This Top 10 Charlie Rich Songs list presents the best Charlie Rich songs including “Behind Closed Doors” “The Most Beautiful Girl,” and so many more. Born in Arkansas on December 14, 1932, Charles Rich was raised by parents that worked as cotton farmers. They also served as his musical influence as his father was a singer for the Landmark Missionary Baptist Church in Forrest City and his mother served as its pianist. Rich learned how to play blues piano as a child and was a saxophonist for his high school’s band. After he graduated, he used his earned football scholarship to attend Arkansas State College. After a football injury, he transferred to the University of Arkansas as a music major.
After just one semester, he left college and joined the United States Air Force in 1953. Charlie Rich is best known for the music styles of blues, country, gospel, jazz, rockabilly, and soul. During the early stages of his career, he was often regarded as too jazzy to pass as a recording artist for the genre of country music. However, his eclectic style eventually paid off that rose him to the height of his fame in 1975.
The start of Charlie Rich’s career saw him transfer between four different recording labels after the first four saw, at best, moderately successful starts that were followed up with chart failures. It wasn’t until he signed up with Epic Records in 1967 did he finally find a niche that would turn his career from mediocrity to star quality. The producer of Epic Records, Billy Sherrill, helped Rich transform into a countrypolitan, a Nashville Sound balladeer during an era that saw rock and roll stars like Jerry Lee Lewis and Conway Twitty shift their styles into a western and country format.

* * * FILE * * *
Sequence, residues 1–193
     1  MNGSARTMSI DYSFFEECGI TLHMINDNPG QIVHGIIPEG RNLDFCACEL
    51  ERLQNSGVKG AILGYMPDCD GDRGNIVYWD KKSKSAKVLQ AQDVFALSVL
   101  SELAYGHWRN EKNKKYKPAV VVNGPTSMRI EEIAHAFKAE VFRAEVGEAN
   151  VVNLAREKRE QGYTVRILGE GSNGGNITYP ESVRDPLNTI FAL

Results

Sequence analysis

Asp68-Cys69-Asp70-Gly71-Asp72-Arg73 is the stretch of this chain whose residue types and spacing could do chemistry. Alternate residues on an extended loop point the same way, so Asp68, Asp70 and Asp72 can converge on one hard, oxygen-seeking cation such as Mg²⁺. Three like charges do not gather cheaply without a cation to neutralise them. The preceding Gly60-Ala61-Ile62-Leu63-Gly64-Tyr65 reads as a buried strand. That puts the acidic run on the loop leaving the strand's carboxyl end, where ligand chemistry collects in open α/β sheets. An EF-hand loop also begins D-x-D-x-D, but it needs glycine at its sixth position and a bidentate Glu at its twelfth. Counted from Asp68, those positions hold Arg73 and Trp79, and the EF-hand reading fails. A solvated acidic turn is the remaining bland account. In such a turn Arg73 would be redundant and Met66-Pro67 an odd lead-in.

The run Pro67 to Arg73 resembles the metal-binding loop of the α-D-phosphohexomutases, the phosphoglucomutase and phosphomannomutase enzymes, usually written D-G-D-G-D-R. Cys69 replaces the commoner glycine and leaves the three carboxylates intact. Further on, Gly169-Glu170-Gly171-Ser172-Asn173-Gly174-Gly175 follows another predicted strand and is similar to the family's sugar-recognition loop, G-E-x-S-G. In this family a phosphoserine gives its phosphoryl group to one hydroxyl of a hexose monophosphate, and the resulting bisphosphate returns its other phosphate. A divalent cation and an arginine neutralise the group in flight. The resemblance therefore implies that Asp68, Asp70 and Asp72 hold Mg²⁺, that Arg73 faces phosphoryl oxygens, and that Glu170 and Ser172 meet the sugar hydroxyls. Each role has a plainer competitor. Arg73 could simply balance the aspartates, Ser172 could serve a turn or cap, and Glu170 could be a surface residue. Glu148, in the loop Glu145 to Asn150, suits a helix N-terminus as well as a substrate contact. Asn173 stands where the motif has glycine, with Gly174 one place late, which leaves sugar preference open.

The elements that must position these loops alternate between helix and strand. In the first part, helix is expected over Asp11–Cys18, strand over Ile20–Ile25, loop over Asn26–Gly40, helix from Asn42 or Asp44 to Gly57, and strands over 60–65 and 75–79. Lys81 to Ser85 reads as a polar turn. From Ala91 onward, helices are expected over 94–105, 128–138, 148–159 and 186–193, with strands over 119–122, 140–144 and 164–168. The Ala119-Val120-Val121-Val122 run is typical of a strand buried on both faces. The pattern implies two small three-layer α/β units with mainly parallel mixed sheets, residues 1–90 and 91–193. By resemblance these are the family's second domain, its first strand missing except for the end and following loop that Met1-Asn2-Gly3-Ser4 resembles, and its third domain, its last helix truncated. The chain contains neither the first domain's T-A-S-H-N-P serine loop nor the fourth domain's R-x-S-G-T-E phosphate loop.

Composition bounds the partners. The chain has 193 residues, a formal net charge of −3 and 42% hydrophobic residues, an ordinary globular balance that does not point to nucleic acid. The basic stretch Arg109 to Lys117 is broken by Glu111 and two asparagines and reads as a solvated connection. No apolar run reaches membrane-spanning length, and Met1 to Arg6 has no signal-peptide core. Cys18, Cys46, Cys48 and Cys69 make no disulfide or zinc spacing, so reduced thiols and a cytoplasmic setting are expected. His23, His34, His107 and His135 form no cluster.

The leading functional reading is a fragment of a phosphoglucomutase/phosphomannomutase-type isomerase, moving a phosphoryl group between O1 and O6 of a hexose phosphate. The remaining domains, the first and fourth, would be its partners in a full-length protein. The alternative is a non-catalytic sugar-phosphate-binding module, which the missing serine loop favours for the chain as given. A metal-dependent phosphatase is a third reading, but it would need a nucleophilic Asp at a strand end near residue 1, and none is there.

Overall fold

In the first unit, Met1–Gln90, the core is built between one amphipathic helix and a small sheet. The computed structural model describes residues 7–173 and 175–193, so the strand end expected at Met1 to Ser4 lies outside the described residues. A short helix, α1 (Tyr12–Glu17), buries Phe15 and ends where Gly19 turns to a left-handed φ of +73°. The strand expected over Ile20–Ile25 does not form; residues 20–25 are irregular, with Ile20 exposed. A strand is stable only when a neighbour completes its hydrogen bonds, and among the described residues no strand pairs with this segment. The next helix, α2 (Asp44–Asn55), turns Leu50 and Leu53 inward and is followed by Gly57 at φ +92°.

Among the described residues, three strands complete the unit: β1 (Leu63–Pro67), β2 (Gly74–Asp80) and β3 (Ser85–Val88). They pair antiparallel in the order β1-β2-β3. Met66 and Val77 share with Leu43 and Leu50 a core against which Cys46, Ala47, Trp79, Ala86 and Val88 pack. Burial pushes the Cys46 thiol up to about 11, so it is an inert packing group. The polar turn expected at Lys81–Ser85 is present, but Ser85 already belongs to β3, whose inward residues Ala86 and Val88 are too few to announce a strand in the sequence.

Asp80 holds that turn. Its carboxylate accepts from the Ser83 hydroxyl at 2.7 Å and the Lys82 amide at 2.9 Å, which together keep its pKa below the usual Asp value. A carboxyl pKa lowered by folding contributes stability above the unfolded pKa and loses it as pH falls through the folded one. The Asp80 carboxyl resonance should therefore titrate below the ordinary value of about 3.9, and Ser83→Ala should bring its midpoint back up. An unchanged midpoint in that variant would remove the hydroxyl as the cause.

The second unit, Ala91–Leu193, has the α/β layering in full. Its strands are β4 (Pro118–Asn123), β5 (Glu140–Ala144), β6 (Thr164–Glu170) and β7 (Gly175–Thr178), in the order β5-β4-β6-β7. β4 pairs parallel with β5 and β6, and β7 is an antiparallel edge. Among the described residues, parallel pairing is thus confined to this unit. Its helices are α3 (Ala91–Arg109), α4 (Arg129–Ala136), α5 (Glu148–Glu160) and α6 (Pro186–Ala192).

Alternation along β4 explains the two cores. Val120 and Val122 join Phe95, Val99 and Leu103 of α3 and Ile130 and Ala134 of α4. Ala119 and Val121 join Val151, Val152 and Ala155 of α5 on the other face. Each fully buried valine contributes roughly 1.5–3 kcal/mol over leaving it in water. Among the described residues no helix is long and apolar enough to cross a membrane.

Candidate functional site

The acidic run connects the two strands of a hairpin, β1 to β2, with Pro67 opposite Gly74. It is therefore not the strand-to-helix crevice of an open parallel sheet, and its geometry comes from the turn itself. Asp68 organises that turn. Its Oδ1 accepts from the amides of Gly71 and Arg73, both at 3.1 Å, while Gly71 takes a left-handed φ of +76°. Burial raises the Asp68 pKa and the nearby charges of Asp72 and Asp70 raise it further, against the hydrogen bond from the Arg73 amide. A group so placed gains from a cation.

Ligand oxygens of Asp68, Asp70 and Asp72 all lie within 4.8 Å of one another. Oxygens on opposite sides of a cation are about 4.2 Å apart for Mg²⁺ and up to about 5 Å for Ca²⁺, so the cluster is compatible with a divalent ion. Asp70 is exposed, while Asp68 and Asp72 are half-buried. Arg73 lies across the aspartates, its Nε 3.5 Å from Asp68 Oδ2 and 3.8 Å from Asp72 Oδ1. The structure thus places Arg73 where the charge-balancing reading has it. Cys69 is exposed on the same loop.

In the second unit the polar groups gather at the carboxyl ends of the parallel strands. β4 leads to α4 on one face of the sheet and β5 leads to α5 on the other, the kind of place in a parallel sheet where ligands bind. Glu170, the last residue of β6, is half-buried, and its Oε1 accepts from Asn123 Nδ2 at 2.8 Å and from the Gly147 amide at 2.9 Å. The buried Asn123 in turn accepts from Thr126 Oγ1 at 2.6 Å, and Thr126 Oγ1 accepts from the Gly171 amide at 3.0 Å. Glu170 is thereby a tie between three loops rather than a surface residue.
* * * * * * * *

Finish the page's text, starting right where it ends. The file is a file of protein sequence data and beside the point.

Rise and Fall
Starting in 1972, the formula Charlie Rich needed to kick his career as a first-class entertainer finally put the artist on a path that would make him become a chart-topping, award-winning star. The 1973 album, Behind Closed Doors, became his most successful recording as it earned him a string of hits that also won him a series of awards and critical recognition. However, upon reaching the height of his popularity, Charlie Rich began to drink heavily that soured the success formula that made him a star. This destructive behavior caught up with him during the 1975 awards ceremony for the Country Music Association.